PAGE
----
Grounded: Richard Branson's desert launchpad awaits first space passenger

Richard Branson, here with New Mexico Gov. Susana Martinez, promises to launch civilians into space for $250,000 a ride. But no one's left Earth yet. (Spaceport America)

Richard Branson, here with New Mexico Gov. Susana Martinez, promises to launch civilians into space for $250,000 a ride. But no one's left Earth yet. (Spaceport America)

A $208 million project that was supposed to put Truth or Consequences, N.M., on the map -- and well-heeled adventurers into space -- is home to little more than tumbleweeds nearly a decade after it was proposed.

Spaceport America is still supposed to one day send civilians into space for $250,000 tours as part of Richard Branson’s Virgin Galactic enterprise. But the billionaire Brit has been plagued by a failure to launch, and the promise of the project has been stalled on the pad.


“It’s taking Branson a whole lot longer to get this launched; he’s going through a learning process,” Sierra County Manager Marc Huntzinger said of Virgin Galactic, which is supposed to be the anchor tenant for the Spaceport. “Not only have the flights not materialized, the Spaceport is struggling to keep the lights on.”

Some 400 tickets have reportedly been sold, and The Virgin Galactic website continues to ambitiously promote pre-flight reservations.

“The sooner your reservation is made, the sooner you will be traveling to space,” reads the “reservations” tab.

But no one has left Earth so far and only a handful of test launches of vertical rockets have taken off. Sierra County Commissioner Walter Armijo said any boost to the local economy of the taxpayer-subsidized project remains a mirage.

“It’s a beautiful facility sitting in the middle of nowhere,” Armijo said.

Armijo was sold on the plan, pushed by then-Gov. Bill Richardson, a Democrat, as an if-you-build-it-they-will-come project. The project began in 2005, when the idea of civilian space travel was first gaining momentum and the 2-mile runway was named for Richardson.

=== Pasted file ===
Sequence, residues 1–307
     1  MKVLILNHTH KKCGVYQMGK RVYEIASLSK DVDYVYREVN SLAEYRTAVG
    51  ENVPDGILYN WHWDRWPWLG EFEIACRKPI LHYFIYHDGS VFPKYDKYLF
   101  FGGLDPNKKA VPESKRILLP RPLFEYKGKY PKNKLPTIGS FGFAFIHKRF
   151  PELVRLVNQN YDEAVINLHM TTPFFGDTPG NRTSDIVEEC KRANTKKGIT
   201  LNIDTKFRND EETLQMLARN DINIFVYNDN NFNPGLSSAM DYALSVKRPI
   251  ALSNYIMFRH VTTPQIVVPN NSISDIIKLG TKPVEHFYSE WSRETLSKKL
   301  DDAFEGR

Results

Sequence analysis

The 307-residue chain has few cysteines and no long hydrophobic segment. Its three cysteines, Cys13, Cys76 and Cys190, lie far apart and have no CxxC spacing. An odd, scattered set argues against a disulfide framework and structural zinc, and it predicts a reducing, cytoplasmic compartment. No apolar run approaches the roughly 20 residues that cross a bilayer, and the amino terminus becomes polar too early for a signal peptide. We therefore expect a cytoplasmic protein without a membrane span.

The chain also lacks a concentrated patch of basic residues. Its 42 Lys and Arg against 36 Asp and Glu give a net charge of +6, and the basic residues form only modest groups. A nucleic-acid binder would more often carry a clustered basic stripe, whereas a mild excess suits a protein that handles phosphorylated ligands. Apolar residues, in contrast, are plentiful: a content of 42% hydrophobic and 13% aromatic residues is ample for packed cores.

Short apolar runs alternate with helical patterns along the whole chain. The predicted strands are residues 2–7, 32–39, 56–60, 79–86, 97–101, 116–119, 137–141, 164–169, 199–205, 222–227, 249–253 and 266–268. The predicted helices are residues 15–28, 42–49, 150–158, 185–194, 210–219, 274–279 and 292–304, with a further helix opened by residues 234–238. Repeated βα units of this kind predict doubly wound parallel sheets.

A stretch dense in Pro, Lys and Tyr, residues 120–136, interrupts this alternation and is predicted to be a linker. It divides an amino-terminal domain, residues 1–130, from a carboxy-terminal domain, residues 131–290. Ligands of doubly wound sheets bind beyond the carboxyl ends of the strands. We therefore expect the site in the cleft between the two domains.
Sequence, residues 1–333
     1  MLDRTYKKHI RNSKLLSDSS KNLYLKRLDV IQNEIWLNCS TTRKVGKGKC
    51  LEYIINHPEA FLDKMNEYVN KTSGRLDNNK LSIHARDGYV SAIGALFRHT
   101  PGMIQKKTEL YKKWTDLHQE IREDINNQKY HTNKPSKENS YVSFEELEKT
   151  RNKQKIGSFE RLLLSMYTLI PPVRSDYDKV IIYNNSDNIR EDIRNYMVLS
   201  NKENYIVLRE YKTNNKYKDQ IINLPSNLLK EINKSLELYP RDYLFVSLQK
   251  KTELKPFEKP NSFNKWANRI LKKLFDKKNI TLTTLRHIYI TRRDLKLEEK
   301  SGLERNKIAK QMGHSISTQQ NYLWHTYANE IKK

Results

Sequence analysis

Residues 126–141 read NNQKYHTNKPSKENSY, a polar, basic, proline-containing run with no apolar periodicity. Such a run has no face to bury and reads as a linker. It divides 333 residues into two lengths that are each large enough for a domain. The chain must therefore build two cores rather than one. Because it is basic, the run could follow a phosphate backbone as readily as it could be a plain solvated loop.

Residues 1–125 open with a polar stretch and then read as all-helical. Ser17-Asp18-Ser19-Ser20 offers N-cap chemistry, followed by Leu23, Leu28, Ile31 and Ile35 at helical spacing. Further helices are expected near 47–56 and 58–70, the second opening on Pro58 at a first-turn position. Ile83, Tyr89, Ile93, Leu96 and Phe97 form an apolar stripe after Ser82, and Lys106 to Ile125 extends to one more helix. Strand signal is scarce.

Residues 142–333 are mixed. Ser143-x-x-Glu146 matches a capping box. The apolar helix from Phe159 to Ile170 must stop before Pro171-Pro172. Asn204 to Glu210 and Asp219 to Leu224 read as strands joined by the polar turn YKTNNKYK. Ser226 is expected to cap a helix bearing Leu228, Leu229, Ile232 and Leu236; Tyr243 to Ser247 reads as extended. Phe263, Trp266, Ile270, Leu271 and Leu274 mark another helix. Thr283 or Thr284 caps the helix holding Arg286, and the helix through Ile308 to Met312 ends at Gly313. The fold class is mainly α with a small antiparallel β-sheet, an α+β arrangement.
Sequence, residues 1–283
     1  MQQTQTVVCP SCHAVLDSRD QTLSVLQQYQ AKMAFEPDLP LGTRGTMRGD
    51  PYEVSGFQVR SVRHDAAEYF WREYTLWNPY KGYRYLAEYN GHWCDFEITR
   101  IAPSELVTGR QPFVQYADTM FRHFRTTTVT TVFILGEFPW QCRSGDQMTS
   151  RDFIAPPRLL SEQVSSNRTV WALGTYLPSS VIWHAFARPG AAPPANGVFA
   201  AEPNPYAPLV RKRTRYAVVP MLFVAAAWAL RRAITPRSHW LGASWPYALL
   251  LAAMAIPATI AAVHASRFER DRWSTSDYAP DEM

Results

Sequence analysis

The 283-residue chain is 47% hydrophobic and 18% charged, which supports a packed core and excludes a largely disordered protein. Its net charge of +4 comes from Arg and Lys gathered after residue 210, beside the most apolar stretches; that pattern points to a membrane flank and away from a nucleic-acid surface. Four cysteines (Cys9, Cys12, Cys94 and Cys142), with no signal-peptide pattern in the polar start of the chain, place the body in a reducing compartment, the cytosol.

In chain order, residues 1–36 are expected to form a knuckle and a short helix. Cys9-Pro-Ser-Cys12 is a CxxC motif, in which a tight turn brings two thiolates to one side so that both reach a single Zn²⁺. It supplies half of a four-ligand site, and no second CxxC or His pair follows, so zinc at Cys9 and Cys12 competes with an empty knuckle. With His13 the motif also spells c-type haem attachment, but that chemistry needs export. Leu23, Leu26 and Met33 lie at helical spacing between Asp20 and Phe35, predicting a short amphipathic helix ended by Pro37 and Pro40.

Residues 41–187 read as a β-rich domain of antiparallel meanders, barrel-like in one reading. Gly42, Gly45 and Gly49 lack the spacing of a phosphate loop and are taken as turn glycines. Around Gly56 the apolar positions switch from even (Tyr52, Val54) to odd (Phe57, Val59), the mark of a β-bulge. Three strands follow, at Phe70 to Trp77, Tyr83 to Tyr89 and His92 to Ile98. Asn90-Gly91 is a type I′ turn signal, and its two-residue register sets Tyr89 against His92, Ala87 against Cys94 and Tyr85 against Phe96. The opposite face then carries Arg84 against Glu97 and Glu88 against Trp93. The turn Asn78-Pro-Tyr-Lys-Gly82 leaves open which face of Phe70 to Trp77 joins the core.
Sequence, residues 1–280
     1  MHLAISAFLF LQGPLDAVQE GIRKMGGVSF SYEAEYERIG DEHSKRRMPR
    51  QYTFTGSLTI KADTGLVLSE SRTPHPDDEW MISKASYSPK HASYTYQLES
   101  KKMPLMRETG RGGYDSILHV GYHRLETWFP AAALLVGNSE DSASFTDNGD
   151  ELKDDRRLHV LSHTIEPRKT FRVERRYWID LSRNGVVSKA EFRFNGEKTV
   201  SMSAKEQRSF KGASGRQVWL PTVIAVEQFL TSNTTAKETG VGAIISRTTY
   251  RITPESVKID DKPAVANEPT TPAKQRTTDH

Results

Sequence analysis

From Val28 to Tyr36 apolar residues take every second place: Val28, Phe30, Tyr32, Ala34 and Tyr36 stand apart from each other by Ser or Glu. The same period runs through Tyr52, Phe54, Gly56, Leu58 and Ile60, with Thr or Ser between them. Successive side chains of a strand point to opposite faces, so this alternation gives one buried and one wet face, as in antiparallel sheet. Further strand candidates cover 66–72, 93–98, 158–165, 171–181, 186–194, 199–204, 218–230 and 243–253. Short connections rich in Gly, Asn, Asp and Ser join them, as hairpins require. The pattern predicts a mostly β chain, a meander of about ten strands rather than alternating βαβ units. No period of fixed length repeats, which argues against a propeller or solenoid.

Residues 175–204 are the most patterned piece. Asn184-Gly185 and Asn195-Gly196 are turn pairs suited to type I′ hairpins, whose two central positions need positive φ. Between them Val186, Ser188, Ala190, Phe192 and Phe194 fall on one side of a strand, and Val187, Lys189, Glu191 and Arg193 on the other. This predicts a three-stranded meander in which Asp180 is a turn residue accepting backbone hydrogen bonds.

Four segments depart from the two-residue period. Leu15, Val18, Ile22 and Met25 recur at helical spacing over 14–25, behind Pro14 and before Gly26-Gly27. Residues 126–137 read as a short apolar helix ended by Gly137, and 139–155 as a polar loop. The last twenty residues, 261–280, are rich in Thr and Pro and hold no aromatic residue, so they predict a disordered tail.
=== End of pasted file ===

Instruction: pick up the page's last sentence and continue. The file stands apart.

But so far, according to Armijo, the $208 million project has produced no tangible economic growth in this economically depressed area and is only draining more money.

He is also dismayed that 75 percent of the one-quarter of Sierra and neighboring Dna Ana counties’ 1 percent gross receipts tax goes to the Spaceport to pay off a $20 million bond. He is beginning to feel that money could be put to better use.

“Branson is supposed to get these flights in order but nothing is getting done,” Armijo said. “I’m just not happy with the Spaceport project."

Huntzinger believes that the target market for these launches will be surprised when they come to the Spaceport. He avoided saying disappointed.

“It is a great location for aviation, but not much else,” Huntzinger, who has only taken over the job of county manager in the past year, said.

Christine Anderson, executive director of Spaceport America, contends all is well despite Branson’s delays.

“The Spaceport is on track to being totally self-sufficient,” Anderson insisted, adding that it is already generating jobs and revenue, mainly through tourism and special events.

She said the Spaceport has provided 1,300 jobs and generates $11 million in gross receipts tax which, over the nine-year project, has pitched in some $222,000 annually to the local coffers.

But there are signs state lawmakers are growing wary of throwing more money at the project. The recent New Mexico Legislative session nixed a request for $1 million to be used for a new Welcome Center, approving instead $100,000 to renovate an existing terminal for that use.

With FAA permits in place, the future of the Spaceport is contingent upon whenever Branson can get his flights launched. With the clock ticking and revenues dwindling, the future may be as cloudy as one of the spring dust storms that have been blowing across the Richardson Spaceway.